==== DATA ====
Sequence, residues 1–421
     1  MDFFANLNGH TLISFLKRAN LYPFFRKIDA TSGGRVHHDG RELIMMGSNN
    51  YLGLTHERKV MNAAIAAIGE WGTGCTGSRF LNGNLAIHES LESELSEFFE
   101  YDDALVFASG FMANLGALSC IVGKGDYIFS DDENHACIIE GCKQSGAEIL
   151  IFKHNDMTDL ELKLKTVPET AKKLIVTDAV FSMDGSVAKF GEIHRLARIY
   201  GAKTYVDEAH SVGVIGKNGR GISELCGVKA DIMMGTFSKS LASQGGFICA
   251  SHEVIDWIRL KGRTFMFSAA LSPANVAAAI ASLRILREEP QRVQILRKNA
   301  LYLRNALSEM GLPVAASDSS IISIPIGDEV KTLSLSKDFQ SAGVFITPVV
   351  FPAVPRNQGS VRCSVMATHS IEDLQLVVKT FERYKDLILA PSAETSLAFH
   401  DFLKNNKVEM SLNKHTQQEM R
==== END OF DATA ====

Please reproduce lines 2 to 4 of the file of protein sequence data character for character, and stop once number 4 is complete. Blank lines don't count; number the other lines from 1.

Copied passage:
     1  MDFFANLNGH TLISFLKRAN LYPFFRKIDA TSGGRVHHDG RELIMMGSNN
    51  YLGLTHERKV MNAAIAAIGE WGTGCTGSRF LNGNLAIHES LESELSEFFE
   101  YDDALVFASG FMANLGALSC IVGKGDYIFS DDENHACIIE GCKQSGAEIL